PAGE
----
In the late 1970s and ’80s, Melissa Francis was all over TV. She appeared in almost 100 commercials and spent two years in the cast of “Little House on the Prairie.”
But Francis, now an anchor on the Fox Business Network, didn’t reach those heights by herself. Her mother was right behind her, pushing. And pushing hard.
Francis, now 40, has detailed her mother’s relentless driving in an excellent memoir, “Diary of a Stage Mother’s Daughter.”
And although her mother ultimately destroyed their family (the two have been estranged for several years), Francis looks back with mixed feelings.
“I have great memories, wonderful things she did, and other things that were very difficult,” she said. “It was very difficult as a child to untangle the positive from the abusive.”
That same stage-mother or, more accurately, stage-parent, mentality can be seen at dance recitals, school plays or children’s concerts everywhere, and is not confined to the highest echelons of the entertainment and arts worlds.
What prompts a parent to have this all-consuming drive?
Liliana Lengua is director of the University of Washington Center for Child and Family Well-Being, an interdisciplinary research center. She says she doesn’t know of any research (focused on) the stage parent and speculates there are different factors for different people.
“There’s a lot of excitement and enthusiasm and energy around these activities,” Lengua said. “Parents may think they’re highlighting the wonderful talents of their children. And there may be a reflective glow: If my child is well-liked, I may be doing something right. It’s pretty complicated. I doubt there’s only one factor.”
Another factor, she said, may be that the parent sees the time involved as proof of commitment or devotion to the child.
Francis understands that point of view. “I think in acting it’s almost impossible (to succeed) without a stage parent. It’s not like sports, where kids go after school. They have to take the kid out of school, sit on the set all day and get no pay.”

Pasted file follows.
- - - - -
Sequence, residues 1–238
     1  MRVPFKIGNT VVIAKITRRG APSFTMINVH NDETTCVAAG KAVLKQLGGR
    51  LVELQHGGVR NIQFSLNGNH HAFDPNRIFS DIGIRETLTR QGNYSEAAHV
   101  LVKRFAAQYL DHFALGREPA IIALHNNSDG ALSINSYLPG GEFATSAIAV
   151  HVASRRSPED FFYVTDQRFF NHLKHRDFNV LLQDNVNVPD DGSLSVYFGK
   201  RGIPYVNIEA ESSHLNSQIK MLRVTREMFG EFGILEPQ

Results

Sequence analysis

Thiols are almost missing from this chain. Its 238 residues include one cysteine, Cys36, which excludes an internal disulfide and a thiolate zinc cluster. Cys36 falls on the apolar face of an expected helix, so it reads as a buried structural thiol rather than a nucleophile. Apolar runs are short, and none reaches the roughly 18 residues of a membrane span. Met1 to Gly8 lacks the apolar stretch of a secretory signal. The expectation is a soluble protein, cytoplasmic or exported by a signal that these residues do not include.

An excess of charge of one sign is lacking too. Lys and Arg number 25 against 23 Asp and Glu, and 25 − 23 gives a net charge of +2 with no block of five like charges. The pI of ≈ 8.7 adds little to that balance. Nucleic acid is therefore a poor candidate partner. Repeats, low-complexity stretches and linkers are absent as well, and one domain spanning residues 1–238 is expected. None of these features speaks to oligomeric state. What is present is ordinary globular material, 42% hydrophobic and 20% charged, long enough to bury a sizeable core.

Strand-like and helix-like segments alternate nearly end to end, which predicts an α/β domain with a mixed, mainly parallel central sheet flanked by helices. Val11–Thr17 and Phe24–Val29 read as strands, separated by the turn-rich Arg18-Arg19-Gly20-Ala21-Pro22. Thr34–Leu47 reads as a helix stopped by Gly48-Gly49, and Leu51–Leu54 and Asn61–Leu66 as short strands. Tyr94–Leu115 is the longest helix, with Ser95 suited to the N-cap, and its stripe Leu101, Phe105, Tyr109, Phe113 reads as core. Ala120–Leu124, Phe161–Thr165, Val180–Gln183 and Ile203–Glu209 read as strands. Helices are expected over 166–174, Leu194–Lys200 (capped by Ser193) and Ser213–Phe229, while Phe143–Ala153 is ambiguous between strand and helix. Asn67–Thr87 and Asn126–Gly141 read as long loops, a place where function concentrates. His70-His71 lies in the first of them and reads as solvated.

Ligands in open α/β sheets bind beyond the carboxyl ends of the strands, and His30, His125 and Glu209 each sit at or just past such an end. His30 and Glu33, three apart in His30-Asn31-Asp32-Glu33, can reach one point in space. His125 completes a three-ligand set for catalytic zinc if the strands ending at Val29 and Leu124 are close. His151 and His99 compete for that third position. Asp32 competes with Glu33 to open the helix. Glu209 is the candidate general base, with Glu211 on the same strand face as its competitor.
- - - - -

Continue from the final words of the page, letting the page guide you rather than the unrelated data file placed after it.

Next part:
One thing for certain about this sort of behavior: It can be detrimental not only to the child but to siblings as well. In Francis’ case, her older sister, Tiffany, who was also seen in numerous commercials, ended up neglected and rejected by their mother as Francis’ career flourished. (Her sister suffered from a string of emotional and physical problems and died in 2002.)
Francis, meanwhile, eventually rejected her mother’s methods and rebelled. She quit acting, wound up going to Harvard against her mother’s wishes and got a degree in economics.
What can be done about a stage parent?
Ann C. Stadtler is director of site development and training at Brazelton Touchpoints Center in Boston, which works to promote the health and well-being of infants and young children.
She suggested approaching the person on a nonconfrontational, parent-to-parent basis. “If we give them the message, ‘I think you’re trying to do the best for your child,’ we can get a window in.”
And through that window, a parent might be able to reason with the stage parent, who often doesn’t realize how overbearing he or she is.
There’s a delicate line between helpful and harmful behavior, Francis said, particularly for a kid. “There were many times where we were a happy, winning pair,” she said. “I was a very successful actor, and a lot of that was attributable to her.”
Signs of trouble
Is the parent showing favoritism to one child? Kids are sensitive to cues as to favoritism,
Is the child overanxious or depressed? Those are signs that a parent may be exerting too much pressure to perform on the child, who may no longer be interested in the activity but continues merely to please Mom or Dad.
Who is this for, the kid or the parent? Sometimes, being part of a performance is more for a parent’s ego gratification than the child’s well-being.
Is the parent inhibiting the child’s emotional growth? A stage parent often fails to nurture a child’s emotional development in areas such as making friends or learning empathy.